Will THQ collapse under its falling stock? Will SEGA rebound from the staff cuts and cancellations? Why does Microsoft keep losing talent? These are just a few of the questions that have circulated the gaming world in recent months. But they all focus on the same issue - who are these giants called "publishers," and how are they really doing?

The recent news about THQ (a favorite of mine) has finally pushed me to complete this 3-part feature. For the past 5-6 years, I've maintained an internal database where I track the industry's largest players. It started out as a desire to map their portfolios, to see which publishers were the most active in which genres. But it grew into something more, as I recorded the rise and fall of talent within those companies, the closing and buying of development studios, and the relative success of dozens of franchises.

I can't claim to have a perfect analysis of every company - there is simply too much involved in the success/failure of these publishers, and much of the information is never disclosed to the public. But I've looked at twenty of the major players in the industry, and have categorized them by their relative standing today.

In part one, we'll be looking at the bottom third of the publishers. The rankings are not based off personal opinion or size of the companies. What we're more interested in is stability and growth - financially, staff size, amount of titles, etc. We're also interested in the diversity/depth of a portfolio, and the general quality of the titles in that portfolio.

I'd love to hear your feedback below, including your thoughts on whether the "niche" publishers will be able to break out, and whether you think the bottom 3 will survive to the next generation.

Niche Publishers Failing to Grow

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I wish I could give Capcom  a better placement than this, because I am a huge fan of many of their games – but this is an analysis, not a popularity vote.

Capcom is definitely the strongest publisher in this category, and the couple markets they dominate are so huge I hesitate to call them niches. But the fact remains that Capcom’s successful franchises all fall within 2-3 genres. And outside of that, their lineup reads like a shopping list of bargain-bin games.

We’ll start with the company’s strengths. It’s almost impossible to mention Capcom without thinking of Resident Evil, and for good reason. The original game was ahead of its time, and is still mentioned among the best titles of all time. Resident Evil has become more than just a game, it's almost a market of its own. The countless spin-offs, sequels and handheld versions have kept the franchise at the top of Capcom’s revenue charts. Along with the Dead Rising series, Capcom has a firm place in the horror market.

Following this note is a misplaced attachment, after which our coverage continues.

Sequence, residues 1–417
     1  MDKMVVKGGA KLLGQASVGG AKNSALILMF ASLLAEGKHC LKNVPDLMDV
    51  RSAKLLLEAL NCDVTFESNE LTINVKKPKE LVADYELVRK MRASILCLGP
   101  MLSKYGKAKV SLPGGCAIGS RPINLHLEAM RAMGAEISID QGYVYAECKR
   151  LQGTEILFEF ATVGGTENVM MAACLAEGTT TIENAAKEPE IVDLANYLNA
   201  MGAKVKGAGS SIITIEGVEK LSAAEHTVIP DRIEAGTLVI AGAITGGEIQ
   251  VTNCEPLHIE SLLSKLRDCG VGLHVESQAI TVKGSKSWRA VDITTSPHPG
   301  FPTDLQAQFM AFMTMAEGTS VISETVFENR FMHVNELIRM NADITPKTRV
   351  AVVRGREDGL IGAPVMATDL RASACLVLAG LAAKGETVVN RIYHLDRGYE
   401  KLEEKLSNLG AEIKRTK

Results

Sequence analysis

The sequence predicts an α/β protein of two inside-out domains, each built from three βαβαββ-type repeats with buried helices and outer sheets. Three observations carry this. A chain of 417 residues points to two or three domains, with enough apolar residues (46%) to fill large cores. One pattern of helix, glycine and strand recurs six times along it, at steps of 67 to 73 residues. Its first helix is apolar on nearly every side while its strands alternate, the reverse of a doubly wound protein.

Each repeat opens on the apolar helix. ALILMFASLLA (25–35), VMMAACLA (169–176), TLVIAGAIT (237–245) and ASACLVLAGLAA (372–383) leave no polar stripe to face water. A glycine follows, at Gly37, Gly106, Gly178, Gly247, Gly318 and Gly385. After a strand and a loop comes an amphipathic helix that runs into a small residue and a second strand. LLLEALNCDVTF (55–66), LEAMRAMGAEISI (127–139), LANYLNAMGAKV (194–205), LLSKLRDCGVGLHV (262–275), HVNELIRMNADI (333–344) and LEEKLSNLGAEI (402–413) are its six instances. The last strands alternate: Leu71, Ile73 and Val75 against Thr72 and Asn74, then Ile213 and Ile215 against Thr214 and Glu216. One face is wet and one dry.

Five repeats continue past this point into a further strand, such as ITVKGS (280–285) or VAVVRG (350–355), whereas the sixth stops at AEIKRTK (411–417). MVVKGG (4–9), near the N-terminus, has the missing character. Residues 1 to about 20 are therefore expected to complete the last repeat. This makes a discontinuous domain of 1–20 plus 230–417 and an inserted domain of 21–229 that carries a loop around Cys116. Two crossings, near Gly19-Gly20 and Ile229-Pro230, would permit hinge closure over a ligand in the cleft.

The other juggernaut for Capcom is their fighting games. Street Fighter was dominant during the golden age of fighters, and Street Fighter IV is often credited as resurrecting the genre a few years ago. That’s no small accomplishment, but Capcom has not rested on their laurels. Marvel vs. Capcom 3, Super Street Fighter IV, and Street Fighter x Tekken are just a few of the follow-ups from the last two years. The next publisher on this list likes to boast about having the best 3D fighting games, but Capcom has nothing to prove and they know it.

Beyond those two genres, Capcom’s portfolio drops off. Which isn’t to say they don’t have other successful franchises. The Mega Man series, Devil May Cry, Monster Hunter, and Okami are just a few of the action/adventure success that Capcom can boast. The upcoming reboot for DMC should prove again that Capcom isn’t a two-trick pony.

So why is Capcom on this list? Because despite the many amazing games they publish, they also produce a LOT of junk. Almost every shooting game Capcom has ever made could be in that category. I’ve liked a few of them, and reviews are mixed for some, but there always seems to be something missing, something glaring mistakes holding them back from blockbuster level. They haven’t found the sweet spot like they have with fighters and horror, and it shows in the sales numbers.

Dark Void, the Bionic Commando Reboot, Lost Planet 2, and the recent release Operation Raccoon City could all fall under that category. Lost Planet has found a bit of success, but factor in the production costs and the marketing campaigns for these shooters, and Capcom is still losing. The company seems desperate to break into the shooter market, but no matter how many times they try and how much money they throw at it, they haven’t been able to succeed.

And it’s that desperation to grow that stands out most prominently when ranking this publisher. Add the fact that Capcom has little-to-no presence in most genres (RPG, racing, sports, strategy, etc.) and we see the limitations of Capcom’s portfolio. They are probably the greatest “niche” market publisher to exist, but niche they remain until they can find success in some other genres.

  • Strengths – The #1 fighting game publisher, corner on the horror market with Resident Evil and Dead Rising, Mega Man franchise, strong action titles like Devil May Cry
  • Weaknesses – Embarrassing list of shooters despite their best efforts, lack of presence beyond 3-4 genres

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Namco was a very tough publisher to place. On the one hand, the company seems quite comfortable and has not shown signs of failure like many other Japanese publishers. Namco is a very old company with a lot of classic and recognizable titles. But on the other hand… their portfolio is not very diverse, and their attempts to succeed with new IP have been largely unsuccessful. Which gives off the impression that the company is stagnating, unable to truly evolve or expand.